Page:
Why Closure is So Important in Mentoring

Time for Goodbyes Clock

Image courtesy of Stuart Miles at FreeDigitalPhotos.net

There are only a few weeks left in the Central Texas school year, and it is time to think about closure.

As a mentor, your primary focus is getting to know the wonderful young person for whom you have created a space in your heart. As your relationship progresses from week to week, the farthest thing from your mind is the thought of saying goodbye. Some mentors even imagine that they will someday watch their mentee graduate from high school, and maybe even college!

There are relationships where this happens, but more often than not, the reality is different, and mentoring ends at different times, for all sorts of reasons. The most common reason, life happens. Your mentee moves away suddenly, it is no longer feasible for you to leave the office to mentor at lunch once a week, or sometimes a mentee’s poor school attendance makes it impossible to continue. Or, sometimes the mentor or mentee realizes that mentoring just isn’t what they imagined and the relationship is cut short due to dissatisfaction.

The natural breaking point of a mentoring relationship is the best time to have a healthy goodbye. For example, when mentors and mentees agree their relationship will end when he/she moves into middle school or high school, or closure is planned in advance due to a pending move. Closure is a stage in the relationship that cannot be skipped over. As the adult it is your responsibility to plan for closure with your mentee and that it happens well! Sometimes researchers talk about good closure as “starting a relationship at the beginning with the end in mind.”

Mentor Mentee Clasping Hands

Image courtesy of phanlop88 at FreeDigitalPhotos.net

How can you plan ahead for the healthiest closure?

1. Make a firm resolution that you will try to make the relationship last as long as you can when it is to the benefit of your mentee. Research is clear that longer is better, and that a relationship that ends in fewer than three months is more damaging than if there had never been a relationship at all. Try to be in it for the long haul.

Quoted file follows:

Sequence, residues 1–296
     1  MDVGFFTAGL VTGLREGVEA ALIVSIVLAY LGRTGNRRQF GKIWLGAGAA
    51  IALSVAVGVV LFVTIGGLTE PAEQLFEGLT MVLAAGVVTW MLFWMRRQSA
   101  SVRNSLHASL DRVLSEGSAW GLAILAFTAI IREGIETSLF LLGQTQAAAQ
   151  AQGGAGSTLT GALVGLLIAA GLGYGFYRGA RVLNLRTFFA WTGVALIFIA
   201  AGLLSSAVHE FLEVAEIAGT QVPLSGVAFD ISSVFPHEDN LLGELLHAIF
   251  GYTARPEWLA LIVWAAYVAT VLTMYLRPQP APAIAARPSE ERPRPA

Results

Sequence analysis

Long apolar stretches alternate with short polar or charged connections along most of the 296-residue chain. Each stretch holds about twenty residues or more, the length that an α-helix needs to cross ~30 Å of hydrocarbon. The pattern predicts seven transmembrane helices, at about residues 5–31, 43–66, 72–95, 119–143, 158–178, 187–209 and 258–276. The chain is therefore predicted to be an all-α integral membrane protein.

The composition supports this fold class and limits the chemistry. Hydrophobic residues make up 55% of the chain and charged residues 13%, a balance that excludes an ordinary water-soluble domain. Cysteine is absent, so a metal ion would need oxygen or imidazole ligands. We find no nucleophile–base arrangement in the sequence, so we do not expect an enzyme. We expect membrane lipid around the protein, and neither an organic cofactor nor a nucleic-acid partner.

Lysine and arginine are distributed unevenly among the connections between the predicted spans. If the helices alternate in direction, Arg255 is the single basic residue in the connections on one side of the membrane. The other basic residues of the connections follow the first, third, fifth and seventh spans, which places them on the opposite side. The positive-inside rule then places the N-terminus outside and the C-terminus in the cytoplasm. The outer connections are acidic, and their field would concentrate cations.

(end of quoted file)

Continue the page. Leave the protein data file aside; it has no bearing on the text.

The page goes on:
2. When thinking ahead to the next school year, if you have plans to return, tell your mentee that you are hopeful that the two of you will be together again, but if it does not work out, you treasure the time you have spent together.

3. Rituals and systematic check-ins can form the foundation of good closure by creating a common understanding of the relationship as you go along. A mentoring ritual can be as simple as beginning each visit by asking each other, “What was the high point of your week?” and “What was your low point?” Rituals are celebrations of your bond and wonderful ways to say “I care about you.” They are also beneficial if it happens that you are not able to share a meaningful goodbye.

4. Be cautious about assuming that you know what is in your mentee’s head or even the child’s life outside of you. For example, we have no evidence that a parent’s release means that the mentor is no longer needed. A child under stress can be hard to deal with, but it may be when you’re needed most. Your Mentor Director can help you process whether it’s time to close.

5. Good closure happens over several (at least two) meetings with your mentee. Take the time to allow for the reality to set in. Share memories and what you are proud of regarding your mentee’s growth, and share wishes for his/her future. It’s critical to arrange closure in such a way that the child does not feel at fault. In the absence of a story, the child will fill in his own, and it usually includes self-blame. Sometimes when a relationship closes for good, a mentor wants to let a child down easy or feels too guilty about leaving and so you promise to stay in touch or you ask to continue being a pen pal or you really, really want to tell the child how to reach you. But here is a time when you take better care of not only the child but also yourself by just bringing things to a definite end. At some point, you will tire of trying to keep up those extending promises such as “I will write to you,“ and then what? The child has expectations that are not fulfilled.

Finally, closure is something that happens inside you, too, and your Mentor Director is there to support you, to listen and to guide, and sometimes to help you grieve. For rituals and closure activity ideas click here.

The following resource was used to write this article: Collaborative Mentoring Webinar Series, June 2015. 

~Seedling Mentor Program Staff

This entry was posted in Children of Incarcerated Parents, Mentoring, Site-Based Mentoring and tagged , , , , , , , , , , , , , , . Bookmark the permalink.

One Response to Why Closure is So Important in Mentoring

  1. Pingback: Saying Goodbye to Mena | Kali's OQM Musings

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